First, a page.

This post originally appeared on The Local Moms Network!
This week, our Meet a Mom interview is with NYC-based mom Amy Shoenthal. She’s a social media marketing pro who also writes a column for Forbes—including the recent spotlight on The Local Moms Network! We spoke to Amy, whose daughter is 2.5, about her career (including the biggest misconception about social media management as a job!), what she’s learned from interviewing successful entrepreneurs, her working mom strategies and more!
Can you please tell us a bit more about yourself and where you live?
My family and I live in Sunnyside, Queens. Local officials call it the small town in the big city and that’s exactly what it is. Everyone knows each other (and likes each other from what I can tell) and though it’s 20 minutes from midtown Manhattan the neighborhood is fairly quiet and full of trees, greenery and parks. My friend who lives in the suburbs recently visited and said walking down the street with me reminded her of Belle’s little village in Beauty and the Beast where everyone’s yelling “Bonjour! Bonjour!” It was the most accurate description of my neighborhood I’ve ever heard.
Can you please share what you do in social media marketing?
I work in social media marketing, at an agency called M Booth where I spend most of my time running the Google for Small Business account. Years before I ever had a child of my own, I was affectionately called “team mom,” partially because I was the oldest and most senior woman on the team, and partially because I was always making sure everyone had enough to eat throughout the day. I was the first one on the team to become a mom, but not the only parent (we have two dads.)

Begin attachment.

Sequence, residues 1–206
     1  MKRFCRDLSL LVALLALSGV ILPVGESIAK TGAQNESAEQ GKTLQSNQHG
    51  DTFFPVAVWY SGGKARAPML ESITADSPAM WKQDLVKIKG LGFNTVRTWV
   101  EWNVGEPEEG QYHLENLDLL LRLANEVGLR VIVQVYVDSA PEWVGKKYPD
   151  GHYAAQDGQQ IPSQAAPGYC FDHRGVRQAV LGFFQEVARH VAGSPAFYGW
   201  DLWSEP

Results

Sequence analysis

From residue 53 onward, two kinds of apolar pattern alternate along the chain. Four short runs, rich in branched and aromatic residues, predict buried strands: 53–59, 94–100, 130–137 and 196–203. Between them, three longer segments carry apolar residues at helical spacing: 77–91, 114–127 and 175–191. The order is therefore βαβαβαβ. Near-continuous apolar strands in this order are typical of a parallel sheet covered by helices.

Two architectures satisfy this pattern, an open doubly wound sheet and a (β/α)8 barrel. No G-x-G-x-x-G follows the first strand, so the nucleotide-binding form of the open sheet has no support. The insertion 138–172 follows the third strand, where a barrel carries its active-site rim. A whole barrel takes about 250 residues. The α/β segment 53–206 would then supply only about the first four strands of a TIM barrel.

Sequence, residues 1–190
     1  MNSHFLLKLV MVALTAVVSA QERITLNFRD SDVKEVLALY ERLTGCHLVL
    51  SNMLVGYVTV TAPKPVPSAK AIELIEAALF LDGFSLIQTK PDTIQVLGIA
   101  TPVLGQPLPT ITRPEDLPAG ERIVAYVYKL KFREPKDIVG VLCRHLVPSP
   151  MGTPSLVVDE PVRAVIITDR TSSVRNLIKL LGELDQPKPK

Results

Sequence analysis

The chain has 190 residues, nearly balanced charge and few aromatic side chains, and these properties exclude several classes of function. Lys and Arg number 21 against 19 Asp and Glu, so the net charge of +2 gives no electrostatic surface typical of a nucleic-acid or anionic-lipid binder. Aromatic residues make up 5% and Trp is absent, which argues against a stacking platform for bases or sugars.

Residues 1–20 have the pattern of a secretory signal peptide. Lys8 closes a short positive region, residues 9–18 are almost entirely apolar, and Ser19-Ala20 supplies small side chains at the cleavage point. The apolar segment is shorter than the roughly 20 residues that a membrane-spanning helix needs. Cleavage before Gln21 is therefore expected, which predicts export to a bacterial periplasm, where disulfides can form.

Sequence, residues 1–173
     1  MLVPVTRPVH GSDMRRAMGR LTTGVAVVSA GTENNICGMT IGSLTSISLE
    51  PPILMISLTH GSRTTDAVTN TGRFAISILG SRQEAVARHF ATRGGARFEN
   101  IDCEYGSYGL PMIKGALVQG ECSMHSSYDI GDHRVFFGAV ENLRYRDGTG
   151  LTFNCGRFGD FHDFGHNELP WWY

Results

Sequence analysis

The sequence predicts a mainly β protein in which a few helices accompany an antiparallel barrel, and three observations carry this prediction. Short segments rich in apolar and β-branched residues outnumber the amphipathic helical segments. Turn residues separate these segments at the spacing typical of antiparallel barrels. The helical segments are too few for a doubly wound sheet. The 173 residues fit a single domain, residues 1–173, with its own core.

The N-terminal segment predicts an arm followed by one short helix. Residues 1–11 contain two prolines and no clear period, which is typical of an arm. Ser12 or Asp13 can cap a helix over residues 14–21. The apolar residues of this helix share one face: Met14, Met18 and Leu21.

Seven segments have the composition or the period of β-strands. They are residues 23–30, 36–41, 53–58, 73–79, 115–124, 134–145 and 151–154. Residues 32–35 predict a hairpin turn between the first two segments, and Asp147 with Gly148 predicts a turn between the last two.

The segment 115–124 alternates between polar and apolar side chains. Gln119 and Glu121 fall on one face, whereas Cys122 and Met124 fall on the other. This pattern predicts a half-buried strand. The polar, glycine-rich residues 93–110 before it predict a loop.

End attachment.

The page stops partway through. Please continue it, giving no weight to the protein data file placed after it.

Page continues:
What is the biggest misconception of social media as a job/career?
That it’s only for Gen Z or a side project for the intern to take on.
How has it changed since you started out?
Social media didn’t exist when I started out. I graduated college with a degree in journalism and then went into public relations since it primarily involved working with journalists. I didn’t start doing social media marketing until around 2009 when brands finally started realizing that they needed to pay attention to bloggers and having a presence on Facebook. So I like to say I’ve been working in social media since it was even a thing.
In addition to M Booth, you’re also a columnist for Forbes. What do you love about telling people’s stories?
Meeting new people and hearing their stories is what lights me up. Plus I find writing to be so cathartic. I think it’s what kept me sane, especially during those first few months of fear and uncertainty. Also, during the pandemic I wasn’t out and about meeting new people as I always had been, so I got restless. That’s when I scaled up my writing and started profiling some of the most interesting founders I could find. Marketing is all about storytelling too, just telling a brand’s story instead of a person. So I guess my favorite kind of project is storytelling.
For Forbes Women, you’ve focused on entrepreneurs and female founders. What have been some of the highlights or stories that have stayed with you, and why?